Nov 17, 2012

Unique Tattoo Removal - What Happens If a Unique Tattoo is No Longer Unique

Nothing may more quickly send you searching for a tattoo removal cream or gel, a dermatologist armed with a laser, or a tattoo removal technician with a scraper, than discovering your unique tattoo on someone else. You were certain no one else had one exactly like it! Ergo, UNIQUE tattoo.

Imagine you've seen one too many women cross their legs revealing an ankle with the same design the tattoo artist insisted was one-of-a-kind and perfect for a lady like you. You want that supposedly unique tattoo removed!

Guys, a rope tattoo seemed unique until every dude at the gym got one. You want out of that fraternity and into the options for removal of a no-longer-unique tattoo.

A tattoo is personal, as with any art form. The old saying, "I may not know art but I know what I like," explains copycat ink. Someone sees your unique tattoo, describes it to an artist or sketches it for him, and suddenly your original gets copied.

You have options for tattoo removal, although not as many as the number of designs for allegedly "unique tattoos" being sold.

The least expensive, but effective and private way to nix a (not) unique tattoo requires a topical tattoo removal cream or gel. You repeatedly apply it to the tattoo, and over time the art fades. Women often just want to reach the point that a little makeup covers the less-than-unique tattoo.

Men or women frequently want more complete fading, especially if what makes the tattoo unique is a unique name of a former lover.

Your tattoo is no loner unique, but many tattoo removal creams and gels are often unique, proprietary formulas. None should promise fast results. Removing a unique tattoo or a common design takes time, repeated treatments, and patience. The lighter the result the more time you should allow. It can take up to a year to downsize that tat. Why?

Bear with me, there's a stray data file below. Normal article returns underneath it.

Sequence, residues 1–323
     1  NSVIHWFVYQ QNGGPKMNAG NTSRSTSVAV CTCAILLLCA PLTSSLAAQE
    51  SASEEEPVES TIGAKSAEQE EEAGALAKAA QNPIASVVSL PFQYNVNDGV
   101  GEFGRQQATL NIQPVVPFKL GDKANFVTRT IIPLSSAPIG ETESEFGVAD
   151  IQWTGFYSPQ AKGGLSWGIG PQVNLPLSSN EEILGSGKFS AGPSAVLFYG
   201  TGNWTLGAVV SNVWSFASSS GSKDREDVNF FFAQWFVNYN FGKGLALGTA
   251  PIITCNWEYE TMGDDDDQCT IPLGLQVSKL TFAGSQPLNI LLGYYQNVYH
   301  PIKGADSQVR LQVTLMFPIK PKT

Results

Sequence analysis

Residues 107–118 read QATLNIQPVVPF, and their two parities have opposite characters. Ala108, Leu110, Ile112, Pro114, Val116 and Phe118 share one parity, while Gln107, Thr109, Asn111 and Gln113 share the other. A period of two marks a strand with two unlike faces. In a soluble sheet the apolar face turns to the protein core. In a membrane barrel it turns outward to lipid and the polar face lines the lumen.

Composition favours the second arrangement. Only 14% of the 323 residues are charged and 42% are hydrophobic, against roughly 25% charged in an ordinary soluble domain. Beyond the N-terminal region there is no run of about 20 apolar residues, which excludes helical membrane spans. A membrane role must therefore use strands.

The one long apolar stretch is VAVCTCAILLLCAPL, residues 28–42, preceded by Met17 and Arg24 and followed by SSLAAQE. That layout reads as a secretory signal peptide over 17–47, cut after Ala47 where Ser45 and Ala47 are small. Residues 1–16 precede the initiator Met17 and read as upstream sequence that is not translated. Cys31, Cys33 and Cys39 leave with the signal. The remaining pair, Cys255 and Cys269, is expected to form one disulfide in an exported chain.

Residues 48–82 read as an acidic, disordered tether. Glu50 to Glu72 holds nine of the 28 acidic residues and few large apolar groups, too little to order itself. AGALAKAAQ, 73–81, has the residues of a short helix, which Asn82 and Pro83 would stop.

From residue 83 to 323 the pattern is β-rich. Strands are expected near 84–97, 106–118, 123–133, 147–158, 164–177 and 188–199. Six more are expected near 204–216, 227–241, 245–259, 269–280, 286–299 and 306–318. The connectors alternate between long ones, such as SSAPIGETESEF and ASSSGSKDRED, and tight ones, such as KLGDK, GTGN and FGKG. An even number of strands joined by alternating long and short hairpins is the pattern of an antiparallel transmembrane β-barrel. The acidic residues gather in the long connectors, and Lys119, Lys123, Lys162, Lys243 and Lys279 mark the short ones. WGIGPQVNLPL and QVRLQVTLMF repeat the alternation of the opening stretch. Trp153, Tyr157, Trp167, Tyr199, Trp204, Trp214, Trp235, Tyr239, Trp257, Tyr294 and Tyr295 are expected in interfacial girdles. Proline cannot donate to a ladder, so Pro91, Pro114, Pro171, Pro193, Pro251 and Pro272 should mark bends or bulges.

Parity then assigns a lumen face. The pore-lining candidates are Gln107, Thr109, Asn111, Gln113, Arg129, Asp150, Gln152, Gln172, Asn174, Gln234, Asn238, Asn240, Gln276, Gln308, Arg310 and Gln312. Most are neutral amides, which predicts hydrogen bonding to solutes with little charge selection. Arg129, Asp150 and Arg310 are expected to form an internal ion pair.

Tattoo ink runs deep; well into several layers of skin below the surface.

Topical, at-home tattoo removal creams and gels bring to the surface your previously unique tat ink, taking advantage of the human ability to shed skin cells and make new ones. Of course, the body doesn't care if the cells once formed a unique tattoo. Topical removers often work best accompanied by a little light rubbing on the surface with an exfoliating pad or device to encourage new cell growth.

It will also take several applications of a tattoo removal cream or gel to banish that unique tat. Topical tattoo solutions remove the top layers of the skin while preventing new layers of skin from developing pigment. Over time the tattooed layers of skin get closer to the skin's surface and eventually appear faded or erased depending on the depth of the colors and the size of the tattoo.

Laser tattoo removal also requires repeated sessions, at several hundred dollars a pop. Given the time it takes to remove a tattoo, some people decide the price of uniqueness is steep. A laser burns deep into the layers of skin to dissolve the ink for elimination. The invasive nature of the procedure hurts in a way getting the tattoo did not. A local anesthetic makes the laser blasts tolerable.

Last, but not the least expensive, is dermabrasion. A technician scrapes away skin layers, not-so-gently encouraging new cells to replace the inked cells. You will want an anesthetic if you choose to abrade what the French call pas tatouage unique: (literally, "not unique tattoo"). It may sound better in French, but it still hurts.

In any language, you have options for saying fini to that once unique tat: tattoo removal using creams or gels, laser tattoo removal, or dermabrasion.

John Sate is interested in writing about alternative solutions to problems. John suggests learning more about the topical tattoo remover Tat-Med. For more information, please visit the TatMed blog.

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